Tuesday, June 30, 2015

Inspiration, Bennies, & The Meta Game

It's no secret that my two go to games are Savage Worlds and D&D 5th Edition.  It's also not uncommon for more and more table top games to have some version of a meta mechanic, hell Fate is actually one giant meta game. However, for the sake of brevity and the fact that these are the systems I'm know the best these are what I will cover.  For the odd chance that any of you aren't aware of what either or even both of these mechanics are I'll start with a quick run down.

The two biggest additions to 5th Edition over earlier editions are Inspiration and Advantage.  Advantage is something that HAS existed earlier, but now rather than a bonus it's been broken down into rolling twice and taking the highest (or lowest in disadvantage).  I brought up this other mechanics because all Inspiration does mechanically is grant Advantage.  The really trick in the mechanic though is how you gain Inspiration.  It's basically handed out at the whim of the DM (or GM) for anything from attempting something awesome, to making people laugh, to (how it's most meant to be awarded) playing into the flaws and quirks of your character.  Sure since it's awarded for role playing you might say this isn't meta, but the thing is you can then hold onto that inspiration to use when you need it.  This includes a moment that might have nothing to do with what gave you the inspiration in the first place.  This means its a currency that exists outside of your character and does not need a line from cause to effect making meta.

Similar to Inspiration, Savage Worlds has a mechanic called Bennies.  You get Bennies for basically the same reasons you would get Inspiration, but players also start with three of them off the bat and (unless the GM has put one in effect) there is no limit to how many a player could stock up on.  While it doesn't give "Advantage" the core use of them is to let a player re-roll a check which as we said is basically the same as advantage just which choosing to use it after you know the first roll sucked.  The other use is the "soak" damage letting a player spend a Benny and attempt to make what could be a killing blow or at least a serious injury be not as deadly.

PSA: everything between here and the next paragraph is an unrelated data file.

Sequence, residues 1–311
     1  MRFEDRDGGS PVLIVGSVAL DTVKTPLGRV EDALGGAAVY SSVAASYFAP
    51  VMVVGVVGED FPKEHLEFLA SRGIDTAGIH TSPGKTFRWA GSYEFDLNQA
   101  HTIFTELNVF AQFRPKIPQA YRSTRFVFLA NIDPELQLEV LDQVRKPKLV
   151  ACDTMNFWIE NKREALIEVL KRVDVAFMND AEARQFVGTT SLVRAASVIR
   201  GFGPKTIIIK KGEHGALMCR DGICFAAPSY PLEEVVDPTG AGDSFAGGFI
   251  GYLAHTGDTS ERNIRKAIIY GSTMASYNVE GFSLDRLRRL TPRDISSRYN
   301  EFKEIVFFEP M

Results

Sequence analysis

With that little lesson in gaming is over now I can get into the nitty gritty of what I wanted to talk about, the first of which is weather meta mechanics deserve a place at your table.  Personally I'm fine with them, however I do understand any argument against it.  A meta mechanic by its very nature removes at least a bit of the player from immersing themselves in their character.  It puts them in 3rd person mode seeing the game  more as an author to a story than just living out that story.

In my opinion battle mats do the same thing. Let players get a aerial view of the battle field and in turn letting them see much more of what's going on than their character might.  In that case a player can decide to ignore that information (though try and you might it's still there in your brain, you're just choosing weather or not to use it), but with Bennies and Inspiration the only way to ignore it is to just not use them.  D&D Has at least a little bit of a "fix" for this as your character can flash back to the moment that gave it to them as a form of inner strength.